The Garden Guide

Book: Fragments on the Theory and Practice of Landscape Gardening, 1816
Chapter: Fragment XxvIII. Containing Extracts From The Report On Woburn Abbey.

Proposed approach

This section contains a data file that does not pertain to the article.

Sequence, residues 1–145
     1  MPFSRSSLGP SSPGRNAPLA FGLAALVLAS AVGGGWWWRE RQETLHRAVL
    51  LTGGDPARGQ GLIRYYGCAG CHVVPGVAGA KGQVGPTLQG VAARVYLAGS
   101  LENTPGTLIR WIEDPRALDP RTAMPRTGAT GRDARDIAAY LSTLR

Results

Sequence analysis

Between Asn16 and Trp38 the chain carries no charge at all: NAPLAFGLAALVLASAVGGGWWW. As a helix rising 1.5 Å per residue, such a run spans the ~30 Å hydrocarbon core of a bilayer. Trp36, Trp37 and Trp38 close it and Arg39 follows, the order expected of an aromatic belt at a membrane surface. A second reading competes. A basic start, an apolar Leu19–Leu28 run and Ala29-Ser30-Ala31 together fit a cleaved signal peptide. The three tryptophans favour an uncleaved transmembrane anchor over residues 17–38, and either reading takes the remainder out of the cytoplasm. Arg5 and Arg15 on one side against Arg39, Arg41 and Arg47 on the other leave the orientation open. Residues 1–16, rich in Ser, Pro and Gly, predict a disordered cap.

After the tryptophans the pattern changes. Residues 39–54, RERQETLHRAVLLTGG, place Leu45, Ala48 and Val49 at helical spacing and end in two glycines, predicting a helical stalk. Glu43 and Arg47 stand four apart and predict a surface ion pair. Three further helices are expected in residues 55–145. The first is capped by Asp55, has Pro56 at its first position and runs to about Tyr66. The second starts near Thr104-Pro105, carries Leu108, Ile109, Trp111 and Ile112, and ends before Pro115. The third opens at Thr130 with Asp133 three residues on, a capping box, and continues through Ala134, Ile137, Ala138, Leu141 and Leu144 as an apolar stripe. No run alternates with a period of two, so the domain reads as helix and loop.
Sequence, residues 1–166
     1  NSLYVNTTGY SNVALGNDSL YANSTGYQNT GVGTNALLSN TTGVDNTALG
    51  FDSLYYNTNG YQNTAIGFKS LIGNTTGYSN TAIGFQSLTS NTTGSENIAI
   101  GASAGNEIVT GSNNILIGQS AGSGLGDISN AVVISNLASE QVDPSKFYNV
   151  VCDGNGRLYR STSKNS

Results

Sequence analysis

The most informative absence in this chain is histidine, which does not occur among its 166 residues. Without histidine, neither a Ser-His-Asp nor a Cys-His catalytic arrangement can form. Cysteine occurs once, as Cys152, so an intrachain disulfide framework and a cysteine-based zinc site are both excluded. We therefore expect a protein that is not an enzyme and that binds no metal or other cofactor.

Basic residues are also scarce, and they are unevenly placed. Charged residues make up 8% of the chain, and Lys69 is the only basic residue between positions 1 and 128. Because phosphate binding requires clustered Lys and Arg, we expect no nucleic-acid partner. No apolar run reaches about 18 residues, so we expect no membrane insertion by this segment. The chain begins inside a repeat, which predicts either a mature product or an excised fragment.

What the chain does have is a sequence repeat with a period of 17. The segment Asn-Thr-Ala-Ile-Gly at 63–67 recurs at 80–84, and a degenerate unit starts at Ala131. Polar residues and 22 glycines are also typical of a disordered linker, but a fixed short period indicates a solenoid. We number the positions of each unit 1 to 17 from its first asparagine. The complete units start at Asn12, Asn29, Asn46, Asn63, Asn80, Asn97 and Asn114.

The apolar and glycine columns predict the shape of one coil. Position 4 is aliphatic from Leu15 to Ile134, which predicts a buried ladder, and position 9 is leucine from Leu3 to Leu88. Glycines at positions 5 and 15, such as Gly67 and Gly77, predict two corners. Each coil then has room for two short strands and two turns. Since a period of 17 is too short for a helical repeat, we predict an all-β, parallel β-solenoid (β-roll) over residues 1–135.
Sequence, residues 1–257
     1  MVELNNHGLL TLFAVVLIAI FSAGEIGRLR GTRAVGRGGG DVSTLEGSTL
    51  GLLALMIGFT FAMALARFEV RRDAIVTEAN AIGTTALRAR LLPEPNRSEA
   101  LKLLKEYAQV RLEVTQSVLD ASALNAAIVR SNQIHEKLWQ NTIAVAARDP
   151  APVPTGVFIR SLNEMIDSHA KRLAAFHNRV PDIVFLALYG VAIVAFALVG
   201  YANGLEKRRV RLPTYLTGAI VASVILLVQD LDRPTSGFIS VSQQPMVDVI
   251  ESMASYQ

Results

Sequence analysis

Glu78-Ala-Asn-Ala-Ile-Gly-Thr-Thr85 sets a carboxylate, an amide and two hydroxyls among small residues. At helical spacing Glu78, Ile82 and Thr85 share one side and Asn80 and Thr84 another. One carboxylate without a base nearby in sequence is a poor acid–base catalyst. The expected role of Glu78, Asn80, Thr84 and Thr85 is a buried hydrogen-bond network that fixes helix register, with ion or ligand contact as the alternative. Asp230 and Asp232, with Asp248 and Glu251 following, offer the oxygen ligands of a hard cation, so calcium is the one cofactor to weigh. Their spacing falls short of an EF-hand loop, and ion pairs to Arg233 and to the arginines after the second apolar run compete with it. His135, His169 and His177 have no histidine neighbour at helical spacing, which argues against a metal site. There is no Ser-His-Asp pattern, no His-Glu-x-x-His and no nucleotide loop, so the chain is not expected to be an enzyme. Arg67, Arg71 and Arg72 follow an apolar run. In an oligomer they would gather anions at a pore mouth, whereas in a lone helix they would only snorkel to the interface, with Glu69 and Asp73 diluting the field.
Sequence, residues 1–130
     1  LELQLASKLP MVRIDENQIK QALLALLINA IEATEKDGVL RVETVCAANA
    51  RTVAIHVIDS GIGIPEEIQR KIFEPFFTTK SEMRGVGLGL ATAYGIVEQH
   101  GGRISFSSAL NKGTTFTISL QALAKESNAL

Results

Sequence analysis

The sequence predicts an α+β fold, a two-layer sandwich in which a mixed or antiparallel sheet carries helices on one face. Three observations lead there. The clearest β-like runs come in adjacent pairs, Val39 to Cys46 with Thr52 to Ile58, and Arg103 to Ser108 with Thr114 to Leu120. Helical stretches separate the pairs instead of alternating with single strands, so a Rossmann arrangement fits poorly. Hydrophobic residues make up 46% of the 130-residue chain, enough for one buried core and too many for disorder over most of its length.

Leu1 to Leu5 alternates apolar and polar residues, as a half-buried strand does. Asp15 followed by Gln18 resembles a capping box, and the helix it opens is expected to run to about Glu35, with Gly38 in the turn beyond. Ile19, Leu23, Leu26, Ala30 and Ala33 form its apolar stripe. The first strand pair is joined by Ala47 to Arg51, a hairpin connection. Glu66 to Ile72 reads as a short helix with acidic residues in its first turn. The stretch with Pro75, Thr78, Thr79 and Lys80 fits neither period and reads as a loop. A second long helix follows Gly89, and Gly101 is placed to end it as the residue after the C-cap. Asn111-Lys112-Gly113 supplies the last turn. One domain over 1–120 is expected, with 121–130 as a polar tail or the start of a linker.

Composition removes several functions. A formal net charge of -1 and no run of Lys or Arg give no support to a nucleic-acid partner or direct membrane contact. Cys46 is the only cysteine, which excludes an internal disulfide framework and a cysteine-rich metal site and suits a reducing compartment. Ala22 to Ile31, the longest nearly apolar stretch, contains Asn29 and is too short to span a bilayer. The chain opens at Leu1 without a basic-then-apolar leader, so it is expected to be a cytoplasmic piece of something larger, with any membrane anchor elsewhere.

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The first effect of the house, in the proposed approach, is represented in the second sketch [fig. 225]: after passing along the great glade, which is terminated by the island in Drakelow-pond, and which, from its length, and the size of the trees, is very magnificent, the road winds among some large oaks, betwixt whose lofty stems the house first appears, partially exciting the attention, till, on our quitting the grove, it is at once displayed to us in all the pomp of greatness, blended with the intricacy of picturesque irregularity. It has no longer the effect of a solitary and inconsiderable edifice, but a palace, of depth proportioned to its front, and accompanied by all the cupolas, and domes, and more elevated parts of those attendant buildings and offices, which it has become the false taste of modern times to hide by plantations. Add to all this, that the whole seems embosomed in a magnificent wood, and, as seen across the valley, it appears elevated and not depressed, while its apparent quantity marks its character as a ducal palace.